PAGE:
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PHOTOS: Pope Francis celebrates Good Friday liturgy at the Vatican

During the Good Friday liturgy at the Vatican, presided over by Pope Francis, the papal preacher reflected on the triumph of the cross, noting that it is an event that changed the universal perception of God's omnipotence, revealing his humility. 

“The true omnipotence of God is the total powerlessness of Calvary,” Cardinal Raniero Cantalamessa, O.F.M. Cap., said during his homily.

Celebration of the Passion of the Lord on Good Friday in St. Peter's Basilica, Rome. March 29, 2024. Credit: Daniel Ibañez/CNA
Celebration of the Passion of the Lord on Good Friday in St. Peter's Basilica, Rome. March 29, 2024. Credit: Daniel Ibañez/CNA

At approximately 5 p.m. Rome time, Pope Francis made his way into Saint Peter’s Basilica, in a wheelchair, vested in a red chasuble. Cast against the backdrop of complete and palpable silence, the Holy Father paused in meditation before the Papal Altar underneath Bernini’s Baldacchino (covered in scaffolding for its restoration), while the congregation knelt.

For the past several years the pope has been unable to lay prostrate due to his fragile health, which includes persistent knee problems and several bouts of pulmonary inflammation.

After the chanting of the passion from the Gospel of John, Cantalamessa — who was made a cardinal in 2020 after more than 40 years as Preacher of the Papal Household — opened his homily reflecting on Christ’s self-affirmation of “I am,” words he said come without any qualification and carry “an absolute, metaphysical significance” and is an “unprecedented novelty.” 

“Jesus did not come to retouch and perfect the idea that men had of him God, but, in a certain sense, to overturn it and reveal the true face of God,” Cardinal Raniero Cantalamessa, O.F.M. Cap. said during his homily at the Good Friday liturgy in St. Peter's Basilica in Rome. March 29, 2024. Credit: Daniel Ibañez/CNA
“Jesus did not come to retouch and perfect the idea that men had of him God, but, in a certain sense, to overturn it and reveal the true face of God,” Cardinal Raniero Cantalamessa, O.F.M. Cap. said during his homily at the Good Friday liturgy in St. Peter's Basilica in Rome. March 29, 2024. Credit: Daniel Ibañez/CNA

The cardinal stressed that this new paradigm can only be understood by looking at Christ’s preceding words heard in the passion: “When you have lifted up the Son of Man.”

Observing that “to be lifted up” refers to the crucifixion, the cardinal noted that the sum of these words express a “total reversal of the human idea of God,” revealing “the true face of God.”

“Jesus did not come to retouch and perfect the idea that men had of him, but, in a certain sense, to overturn it and reveal the true face of God,” he said. "“He humbly behaves in the glory of the resurrection as in the annihilation of Calvary. The concern of the risen Jesus is not to confuse his enemies, but to immediately go and reassure his lost disciples and, before them, the women who had never stopped believing in him.”

 

“The true omnipotence of God is the total powerlessness of Calvary,” Cardinal Raniero Cantalamessa, O.F.M. Cap. said during his homily at the Good Friday liturgy in St. Peter's Basilica in Rome. March 29, 2024. Credit: Daniel Ibañez/CNA
“The true omnipotence of God is the total powerlessness of Calvary,” Cardinal Raniero Cantalamessa, O.F.M. Cap. said during his homily at the Good Friday liturgy in St. Peter's Basilica in Rome. March 29, 2024. Credit: Daniel Ibañez/CNA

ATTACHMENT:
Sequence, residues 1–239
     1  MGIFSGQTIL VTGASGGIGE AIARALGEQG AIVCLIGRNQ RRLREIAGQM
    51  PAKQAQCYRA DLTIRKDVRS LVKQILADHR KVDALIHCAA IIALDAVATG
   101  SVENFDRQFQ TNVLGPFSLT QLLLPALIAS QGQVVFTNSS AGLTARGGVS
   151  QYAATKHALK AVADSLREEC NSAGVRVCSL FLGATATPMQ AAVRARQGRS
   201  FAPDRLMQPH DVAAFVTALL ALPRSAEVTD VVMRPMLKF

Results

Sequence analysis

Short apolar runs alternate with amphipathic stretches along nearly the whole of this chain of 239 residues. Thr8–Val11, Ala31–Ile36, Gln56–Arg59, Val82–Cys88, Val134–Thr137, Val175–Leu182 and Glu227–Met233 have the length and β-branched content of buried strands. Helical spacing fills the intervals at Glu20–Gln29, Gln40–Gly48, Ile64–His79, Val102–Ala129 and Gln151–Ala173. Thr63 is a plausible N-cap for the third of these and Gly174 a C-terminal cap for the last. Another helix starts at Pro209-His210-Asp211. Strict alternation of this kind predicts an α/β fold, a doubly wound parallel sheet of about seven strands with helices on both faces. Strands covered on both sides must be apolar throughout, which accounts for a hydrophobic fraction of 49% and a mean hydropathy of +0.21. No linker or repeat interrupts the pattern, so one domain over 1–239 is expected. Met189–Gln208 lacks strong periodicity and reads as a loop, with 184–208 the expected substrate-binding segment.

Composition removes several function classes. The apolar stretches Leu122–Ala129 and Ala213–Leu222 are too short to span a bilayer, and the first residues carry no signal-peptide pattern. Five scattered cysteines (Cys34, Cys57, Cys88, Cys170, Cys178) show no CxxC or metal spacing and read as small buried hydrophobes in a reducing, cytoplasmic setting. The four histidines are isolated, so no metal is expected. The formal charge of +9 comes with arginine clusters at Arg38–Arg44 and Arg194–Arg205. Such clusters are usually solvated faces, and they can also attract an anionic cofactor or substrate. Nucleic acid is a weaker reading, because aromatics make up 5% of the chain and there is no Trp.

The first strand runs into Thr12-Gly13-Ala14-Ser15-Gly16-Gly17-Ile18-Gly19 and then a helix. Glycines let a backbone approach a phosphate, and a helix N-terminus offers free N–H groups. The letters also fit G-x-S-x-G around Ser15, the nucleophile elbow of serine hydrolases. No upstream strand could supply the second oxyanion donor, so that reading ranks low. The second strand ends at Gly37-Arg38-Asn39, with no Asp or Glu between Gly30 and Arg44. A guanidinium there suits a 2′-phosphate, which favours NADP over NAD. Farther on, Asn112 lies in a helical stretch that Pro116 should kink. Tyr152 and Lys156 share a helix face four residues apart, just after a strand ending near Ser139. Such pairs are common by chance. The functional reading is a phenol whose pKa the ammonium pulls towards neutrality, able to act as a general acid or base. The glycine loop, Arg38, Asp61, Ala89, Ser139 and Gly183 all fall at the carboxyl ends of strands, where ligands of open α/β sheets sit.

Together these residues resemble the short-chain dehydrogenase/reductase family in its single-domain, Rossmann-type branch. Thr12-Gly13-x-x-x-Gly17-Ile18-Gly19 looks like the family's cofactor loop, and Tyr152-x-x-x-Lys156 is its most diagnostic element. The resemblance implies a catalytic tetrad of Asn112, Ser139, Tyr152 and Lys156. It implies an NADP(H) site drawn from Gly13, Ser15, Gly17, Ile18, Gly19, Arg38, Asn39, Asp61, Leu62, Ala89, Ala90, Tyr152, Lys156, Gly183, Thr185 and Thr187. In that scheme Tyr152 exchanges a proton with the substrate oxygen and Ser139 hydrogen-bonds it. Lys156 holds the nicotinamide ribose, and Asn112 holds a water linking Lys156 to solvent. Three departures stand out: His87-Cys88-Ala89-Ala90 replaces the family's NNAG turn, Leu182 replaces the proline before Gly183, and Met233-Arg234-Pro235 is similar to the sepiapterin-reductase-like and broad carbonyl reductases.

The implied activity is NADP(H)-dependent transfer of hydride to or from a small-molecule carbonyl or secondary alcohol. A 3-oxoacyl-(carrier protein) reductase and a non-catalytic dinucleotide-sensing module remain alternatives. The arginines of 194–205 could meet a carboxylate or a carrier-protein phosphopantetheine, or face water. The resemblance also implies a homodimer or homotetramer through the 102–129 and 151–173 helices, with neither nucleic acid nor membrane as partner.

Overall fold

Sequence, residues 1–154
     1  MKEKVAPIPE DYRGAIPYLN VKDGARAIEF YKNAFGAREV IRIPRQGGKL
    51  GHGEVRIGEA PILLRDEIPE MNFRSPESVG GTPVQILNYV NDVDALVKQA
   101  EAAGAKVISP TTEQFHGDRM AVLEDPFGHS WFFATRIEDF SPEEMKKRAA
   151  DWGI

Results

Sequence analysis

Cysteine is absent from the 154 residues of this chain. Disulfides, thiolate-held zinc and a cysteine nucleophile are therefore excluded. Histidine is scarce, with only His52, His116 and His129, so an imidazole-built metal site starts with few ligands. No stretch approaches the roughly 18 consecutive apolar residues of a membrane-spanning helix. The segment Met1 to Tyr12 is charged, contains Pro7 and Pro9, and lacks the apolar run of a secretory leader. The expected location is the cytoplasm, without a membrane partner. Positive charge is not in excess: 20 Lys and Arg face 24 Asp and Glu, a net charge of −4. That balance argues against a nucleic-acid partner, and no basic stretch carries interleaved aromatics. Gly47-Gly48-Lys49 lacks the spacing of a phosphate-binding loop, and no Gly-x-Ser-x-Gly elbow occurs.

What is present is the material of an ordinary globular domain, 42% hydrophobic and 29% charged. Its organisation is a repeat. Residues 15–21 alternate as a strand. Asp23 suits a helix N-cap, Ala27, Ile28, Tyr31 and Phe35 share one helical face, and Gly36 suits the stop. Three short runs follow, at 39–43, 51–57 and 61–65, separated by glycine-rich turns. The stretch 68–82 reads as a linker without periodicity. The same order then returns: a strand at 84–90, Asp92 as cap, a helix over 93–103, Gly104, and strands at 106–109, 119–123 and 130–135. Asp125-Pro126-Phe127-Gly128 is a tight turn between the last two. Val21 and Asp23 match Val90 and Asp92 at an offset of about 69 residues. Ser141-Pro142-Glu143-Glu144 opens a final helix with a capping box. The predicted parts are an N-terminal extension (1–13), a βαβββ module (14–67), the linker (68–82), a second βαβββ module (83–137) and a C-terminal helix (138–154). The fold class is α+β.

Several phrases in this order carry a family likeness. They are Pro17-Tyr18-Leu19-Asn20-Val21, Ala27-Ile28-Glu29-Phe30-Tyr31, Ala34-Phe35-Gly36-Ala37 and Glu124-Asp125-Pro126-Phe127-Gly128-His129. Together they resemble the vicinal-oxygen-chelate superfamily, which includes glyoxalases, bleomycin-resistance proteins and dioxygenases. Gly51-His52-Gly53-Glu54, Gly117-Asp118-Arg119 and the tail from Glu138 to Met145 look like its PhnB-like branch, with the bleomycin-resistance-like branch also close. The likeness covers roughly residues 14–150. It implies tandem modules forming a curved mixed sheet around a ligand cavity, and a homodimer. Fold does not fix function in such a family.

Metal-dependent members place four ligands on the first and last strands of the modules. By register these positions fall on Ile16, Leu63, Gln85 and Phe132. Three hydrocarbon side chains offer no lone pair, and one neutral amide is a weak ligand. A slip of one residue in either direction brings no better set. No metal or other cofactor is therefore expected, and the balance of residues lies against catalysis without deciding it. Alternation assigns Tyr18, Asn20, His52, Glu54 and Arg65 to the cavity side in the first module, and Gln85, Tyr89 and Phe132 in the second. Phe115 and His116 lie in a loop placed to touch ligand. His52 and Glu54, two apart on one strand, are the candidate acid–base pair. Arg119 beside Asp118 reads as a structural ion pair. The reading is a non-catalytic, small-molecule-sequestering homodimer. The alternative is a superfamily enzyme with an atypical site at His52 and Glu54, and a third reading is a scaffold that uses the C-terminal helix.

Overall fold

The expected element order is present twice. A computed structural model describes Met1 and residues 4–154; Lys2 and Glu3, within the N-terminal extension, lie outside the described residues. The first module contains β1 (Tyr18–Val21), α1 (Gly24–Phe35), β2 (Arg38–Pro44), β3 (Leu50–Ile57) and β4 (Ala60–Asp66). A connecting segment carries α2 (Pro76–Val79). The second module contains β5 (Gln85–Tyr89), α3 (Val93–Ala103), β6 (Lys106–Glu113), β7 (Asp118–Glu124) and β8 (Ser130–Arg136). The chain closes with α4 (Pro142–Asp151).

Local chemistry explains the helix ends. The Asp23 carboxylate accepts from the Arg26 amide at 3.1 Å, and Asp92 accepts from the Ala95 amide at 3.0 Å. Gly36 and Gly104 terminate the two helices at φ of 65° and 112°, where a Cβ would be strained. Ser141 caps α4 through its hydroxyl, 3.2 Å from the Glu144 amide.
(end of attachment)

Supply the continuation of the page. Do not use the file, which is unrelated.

“Understood in this light,” Cantalamessa continued, “the word of Christ takes on a universal significance that challenges those who read it, in any era and situation, including ours.”

The cardinal warned not to conflate God’s omnipotence, and the “definitive and irreversible triumph” of the cross with temporal triumphs, as God’s triumph showcases humility. 

“It takes little power to show off,” the cardinal noted, “Instead, it takes a lot to step aside, to cancel. God is this limitless power of self-concealment.”

“The resurrection takes place in the mystery,” he continued. “As a resurrected one, Jesus appears only to a few disciples, out of the spotlight. With this he wanted to tell us that after suffering, we must not expect an external, visible triumph, like an earthly glory.”

Pope Francis celebrates the Passion of the Lord on Good Friday in St. Peter's Basilica in Rome. March 29, 2024. Credit: Daniel Ibañez/CNA
Pope Francis celebrates the Passion of the Lord on Good Friday in St. Peter's Basilica in Rome. March 29, 2024. Credit: Daniel Ibañez/CNA

At the end of Cantalamessa’s homily, the faithful sat in a moment of deep silence and reflection. This was followed by the reading of the Oratio Universalis, the universal prayer also known as the Solemn Intercessions.

Then, a deacon, flanked by two candle bearers, stopped at three separate points in the central nave of the basilica, proclaiming, with an increasing pitch, “Ecce lignum crucis” (“behold the wood of the cross”). After the third proclamation, the deacon, holding an unveiled crucifix, brought it to the papal chair for the pope’s veneration.

Once the crucifix was fixed in a central place, the Sistine Chapel Choir chanted the Improperia, or the Good Friday Reproaches, a series of antiphons sung in alternating manner between a cantor and the choir. The cardinals, who sat opposite the pope, filed in line to kneel before and kiss the crucifix.

After the final prayer over the people, the pope left the basilica just as he entered: solemn, and in silence.


Author Name

Matthew Santucci has recently started in EWTN's Vatican bureau. He grew up in Connecticut and has been living in Rome since 2020. He has a B.A. in History from Fordham and an M.A. in International Relations from Luiss Guido Carli.

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